[She is the] highest woman and the noblest gem in Christianity after Christ . . . She is nobility, wisdom, and holiness personified. We can never honor her enough. Still honor and praise must be given to her in such a way as to injure neither Christ nor the Scriptures. (Sermon, Christmas, 1531).
This quote probably came into cyber space via an earlier form of this article by a defender of Rome. This article says, “Luther held to the idea and devotional practice of the veneration of Mary and expressed this on innumerable occasions with the most effusive language.” The quote cited above (along with some others) is offered as proof. Roman Catholic apologist Patrick Madrid uses this quote in the exact form in his book, Answer Me This! (p.142) as proof that “modern-day Protestantism has drifted from its 16th century moorings” and how far “modern Protestantism has drifted from the fifteen centuries of the historic Catholic faith that preceded the Protestant Reformation.”. Madrid’s documentation of the quote equals that as found in various cyber-articles, “Christmas Sermon, 1531.” In terms of documentation, this is far from helpful. What it points to is that these defenders of Rome took this quote from a secondary source. I've yet to see a complete English translation of the context for this quote. I would posit neither have the Roman Catholic apologists cited above.
If you come across a quote like this, it’s not up you to provide the context. It’s the responsibility of those using it to provide a context. It’s up to them to prove they have used the citation correctly. Your first reaction should be, “please provide a context.” If they can’t provide a context, you should let them know they are not doing responsible research, particularly if they are publishing books with such material. If they want to be taken seriously, they should do serious work!
I think I know the secondary source this quote comes from. It is from William Cole’s article “Was Luther a Devotee of Mary?” (Marian Studies Volume XXI, 1970, p.131). If I were to take the time to go through the Internet archive service, I would probably find that the earliest occurrences of this quote in cyber space were the direct result of a particular Roman Catholic website.Cole states:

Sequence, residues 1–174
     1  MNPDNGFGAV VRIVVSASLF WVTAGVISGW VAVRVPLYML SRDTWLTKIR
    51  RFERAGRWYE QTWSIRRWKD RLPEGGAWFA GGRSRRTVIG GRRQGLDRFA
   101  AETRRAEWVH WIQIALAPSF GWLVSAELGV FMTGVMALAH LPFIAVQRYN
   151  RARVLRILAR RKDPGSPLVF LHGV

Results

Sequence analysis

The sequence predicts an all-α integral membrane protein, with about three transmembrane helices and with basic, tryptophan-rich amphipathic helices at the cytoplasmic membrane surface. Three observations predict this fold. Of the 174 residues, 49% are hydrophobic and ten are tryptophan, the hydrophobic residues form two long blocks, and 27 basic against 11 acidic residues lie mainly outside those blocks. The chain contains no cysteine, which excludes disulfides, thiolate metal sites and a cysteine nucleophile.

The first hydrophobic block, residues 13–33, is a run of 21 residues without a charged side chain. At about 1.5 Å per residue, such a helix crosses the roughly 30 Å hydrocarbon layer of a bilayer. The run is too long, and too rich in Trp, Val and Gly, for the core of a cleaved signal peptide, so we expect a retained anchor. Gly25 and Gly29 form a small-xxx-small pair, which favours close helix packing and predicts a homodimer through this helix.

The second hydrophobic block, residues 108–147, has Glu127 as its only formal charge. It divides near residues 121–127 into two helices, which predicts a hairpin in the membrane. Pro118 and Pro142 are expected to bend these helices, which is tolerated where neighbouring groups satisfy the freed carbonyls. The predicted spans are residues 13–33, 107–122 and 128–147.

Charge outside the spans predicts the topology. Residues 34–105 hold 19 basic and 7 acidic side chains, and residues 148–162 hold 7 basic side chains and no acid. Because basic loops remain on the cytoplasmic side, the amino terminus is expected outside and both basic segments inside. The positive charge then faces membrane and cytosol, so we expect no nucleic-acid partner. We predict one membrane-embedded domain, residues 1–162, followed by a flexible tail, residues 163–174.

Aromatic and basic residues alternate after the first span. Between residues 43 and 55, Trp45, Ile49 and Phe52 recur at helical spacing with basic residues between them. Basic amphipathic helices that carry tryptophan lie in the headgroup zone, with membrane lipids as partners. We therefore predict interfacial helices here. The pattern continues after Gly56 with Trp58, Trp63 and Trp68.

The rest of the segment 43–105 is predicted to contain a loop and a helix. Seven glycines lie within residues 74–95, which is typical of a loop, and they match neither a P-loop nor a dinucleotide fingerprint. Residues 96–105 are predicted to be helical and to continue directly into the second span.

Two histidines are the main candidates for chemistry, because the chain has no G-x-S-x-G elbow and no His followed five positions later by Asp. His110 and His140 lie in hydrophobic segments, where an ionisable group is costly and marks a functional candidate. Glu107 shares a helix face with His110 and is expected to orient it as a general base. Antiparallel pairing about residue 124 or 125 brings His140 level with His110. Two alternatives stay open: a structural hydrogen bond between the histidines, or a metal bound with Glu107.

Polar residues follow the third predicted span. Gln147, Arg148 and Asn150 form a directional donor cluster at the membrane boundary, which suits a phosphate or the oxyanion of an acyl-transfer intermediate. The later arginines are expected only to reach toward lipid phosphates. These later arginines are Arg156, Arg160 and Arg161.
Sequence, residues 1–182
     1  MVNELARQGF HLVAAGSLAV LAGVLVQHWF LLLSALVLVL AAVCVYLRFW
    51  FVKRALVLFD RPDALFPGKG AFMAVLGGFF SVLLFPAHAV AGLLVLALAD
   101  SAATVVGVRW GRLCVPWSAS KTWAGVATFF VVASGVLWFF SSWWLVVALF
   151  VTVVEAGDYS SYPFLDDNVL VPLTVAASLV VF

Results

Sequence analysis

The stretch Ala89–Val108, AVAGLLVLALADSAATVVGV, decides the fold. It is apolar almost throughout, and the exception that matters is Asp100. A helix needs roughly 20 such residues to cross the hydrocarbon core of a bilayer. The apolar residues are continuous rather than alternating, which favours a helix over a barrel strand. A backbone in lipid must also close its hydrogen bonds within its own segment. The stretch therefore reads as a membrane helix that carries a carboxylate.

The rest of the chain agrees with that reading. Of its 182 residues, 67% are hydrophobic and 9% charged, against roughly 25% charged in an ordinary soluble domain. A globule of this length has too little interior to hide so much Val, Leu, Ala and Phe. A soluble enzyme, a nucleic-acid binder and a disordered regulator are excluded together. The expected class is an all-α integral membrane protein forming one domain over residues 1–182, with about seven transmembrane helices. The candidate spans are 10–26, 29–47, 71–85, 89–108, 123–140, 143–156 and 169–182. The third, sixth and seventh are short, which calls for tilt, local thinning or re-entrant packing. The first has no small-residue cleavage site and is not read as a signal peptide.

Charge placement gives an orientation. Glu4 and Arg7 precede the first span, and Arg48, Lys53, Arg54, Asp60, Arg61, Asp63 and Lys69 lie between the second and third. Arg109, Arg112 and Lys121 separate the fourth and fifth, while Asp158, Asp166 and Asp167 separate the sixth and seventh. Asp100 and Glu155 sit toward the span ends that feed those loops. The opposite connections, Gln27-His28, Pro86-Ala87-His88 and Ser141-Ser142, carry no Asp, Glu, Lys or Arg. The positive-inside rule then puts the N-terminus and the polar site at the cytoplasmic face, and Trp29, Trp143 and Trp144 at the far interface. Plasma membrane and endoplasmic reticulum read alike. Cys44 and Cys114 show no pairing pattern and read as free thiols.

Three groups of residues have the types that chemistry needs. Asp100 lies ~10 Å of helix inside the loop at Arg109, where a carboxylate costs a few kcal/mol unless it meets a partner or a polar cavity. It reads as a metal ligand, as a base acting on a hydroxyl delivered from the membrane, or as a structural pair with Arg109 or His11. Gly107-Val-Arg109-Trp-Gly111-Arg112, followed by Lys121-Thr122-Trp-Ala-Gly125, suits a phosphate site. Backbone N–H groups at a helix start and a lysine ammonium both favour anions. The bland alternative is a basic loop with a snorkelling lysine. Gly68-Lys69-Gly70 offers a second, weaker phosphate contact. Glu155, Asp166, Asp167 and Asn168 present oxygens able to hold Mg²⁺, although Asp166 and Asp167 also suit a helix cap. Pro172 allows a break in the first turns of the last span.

In a Christmas sermon of 1531, Luther speaks of Mary as the "highest woman and the noblest gem in Christianity after Christ." He goes on to claim that "she is nobility, wisdom and holiness personified. We can never honor her enough. Still honor and praise must be given to her in such a way as to injure neither Christ nor the Scriptures” (WA 34, 2, 497 and 499).Note, the quote as cited by Cole is actually two quotes from two different pages, separated by an entire page! Here is one of the reasons why context is so important, and for some reason, Roman apologists don’t seem to care. What was on that page that separated these two quotes? The Roman apologists can’t tell you.
The question that needs to be asked is what exactly is Marian devotion? In other words, what does it mean for a Roman Catholic to be devoted to Mary, and what does it mean for Luther to be devoted to Mary? Roman Catholic apologists don’t tell you. They leave you thinking both are the same.
“Well,” They say, “Luther’s devotion was that he preached on her feast days.” Yes, but if you go search out these sermons, more often than not, the sermon has nothing to do with Mary. “Well,” they say, “Luther wrote hymns about Mary.” Yes, but if if you go search out these hymns, you will note the absence of distinctly Catholic Marian praise and find a strong emphasis on Christ. “Well,” they say, “Luther venerated Mary.” Luther though abandoned the distinction between latria and dulia because biblically it refers to the same thing. If you search out all the times Luther used the word “veneration”, you will find an entirely negative meaning applied to the term (see my post here).
So, challenge the Roman apologists to define their terms. They need to be able to tell you what Marian devotion is. They cannot be allowed to equivocate: Luther saying nice things about Mary does not equal Rome's version of devotion. Force them to provide an official statement from the Magisterium. Don’t let them make up whatever they want to. Then, apply that official statement to Luther’s writings. I do not deny that Luther spoke favorably about Mary, but when Catholics say "honor" or “devotion”, they mean something quite different than Protestants.
It's been quite a few years since I put this entry together. Since then, the primary sources cited by William Cole (WA 34, 2, 497 and 499) are now available online:
WA 34, 2, 497
WA 34, 2, 499
The sermon notes are written in a mixture of German and Latin.